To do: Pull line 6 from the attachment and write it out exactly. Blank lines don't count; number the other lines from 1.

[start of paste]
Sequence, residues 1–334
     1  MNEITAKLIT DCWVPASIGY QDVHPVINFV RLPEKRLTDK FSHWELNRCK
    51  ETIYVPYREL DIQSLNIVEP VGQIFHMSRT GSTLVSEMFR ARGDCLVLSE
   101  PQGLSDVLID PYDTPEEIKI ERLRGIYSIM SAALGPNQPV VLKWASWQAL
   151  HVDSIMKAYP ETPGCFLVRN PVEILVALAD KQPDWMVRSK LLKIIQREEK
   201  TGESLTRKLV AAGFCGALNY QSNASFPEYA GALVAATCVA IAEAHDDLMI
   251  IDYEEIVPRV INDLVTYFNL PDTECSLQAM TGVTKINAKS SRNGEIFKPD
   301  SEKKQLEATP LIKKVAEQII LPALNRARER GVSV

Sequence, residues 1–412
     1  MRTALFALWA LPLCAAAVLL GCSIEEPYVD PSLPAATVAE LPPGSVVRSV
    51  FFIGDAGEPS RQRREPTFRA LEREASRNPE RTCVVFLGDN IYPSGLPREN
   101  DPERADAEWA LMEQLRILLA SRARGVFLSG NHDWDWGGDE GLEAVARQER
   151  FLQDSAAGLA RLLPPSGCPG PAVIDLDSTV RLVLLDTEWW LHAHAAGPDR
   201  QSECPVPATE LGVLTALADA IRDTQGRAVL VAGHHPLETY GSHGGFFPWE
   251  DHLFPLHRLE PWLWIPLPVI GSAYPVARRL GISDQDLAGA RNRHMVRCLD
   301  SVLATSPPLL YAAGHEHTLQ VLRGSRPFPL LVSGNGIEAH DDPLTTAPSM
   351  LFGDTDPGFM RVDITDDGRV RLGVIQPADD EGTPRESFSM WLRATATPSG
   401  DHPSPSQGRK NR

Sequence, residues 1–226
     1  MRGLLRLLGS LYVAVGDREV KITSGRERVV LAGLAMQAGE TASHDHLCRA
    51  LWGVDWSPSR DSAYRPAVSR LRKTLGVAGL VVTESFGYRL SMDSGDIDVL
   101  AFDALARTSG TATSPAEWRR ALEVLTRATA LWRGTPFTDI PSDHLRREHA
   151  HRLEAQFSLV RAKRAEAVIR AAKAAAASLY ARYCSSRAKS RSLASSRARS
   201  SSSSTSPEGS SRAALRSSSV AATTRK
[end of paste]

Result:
   201  TGESLTRKLV AAGFCGALNY QSNASFPEYA GALVAATCVA IAEAHDDLMI